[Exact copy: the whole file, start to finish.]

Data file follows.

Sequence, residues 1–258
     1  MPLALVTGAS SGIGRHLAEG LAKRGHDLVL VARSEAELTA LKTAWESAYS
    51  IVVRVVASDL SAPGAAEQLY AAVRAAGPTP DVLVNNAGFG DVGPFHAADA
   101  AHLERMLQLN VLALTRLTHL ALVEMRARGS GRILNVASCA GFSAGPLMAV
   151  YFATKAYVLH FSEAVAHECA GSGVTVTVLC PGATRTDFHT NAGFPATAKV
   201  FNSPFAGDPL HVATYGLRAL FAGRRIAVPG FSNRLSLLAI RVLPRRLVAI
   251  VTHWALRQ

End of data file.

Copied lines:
Sequence, residues 1–258
     1  MPLALVTGAS SGIGRHLAEG LAKRGHDLVL VARSEAELTA LKTAWESAYS
    51  IVVRVVASDL SAPGAAEQLY AAVRAAGPTP DVLVNNAGFG DVGPFHAADA
   101  AHLERMLQLN VLALTRLTHL ALVEMRARGS GRILNVASCA GFSAGPLMAV
   151  YFATKAYVLH FSEAVAHECA GSGVTVTVLC PGATRTDFHT NAGFPATAKV
   201  FNSPFAGDPL HVATYGLRAL FAGRRIAVPG FSNRLSLLAI RVLPRRLVAI
   251  VTHWALRQ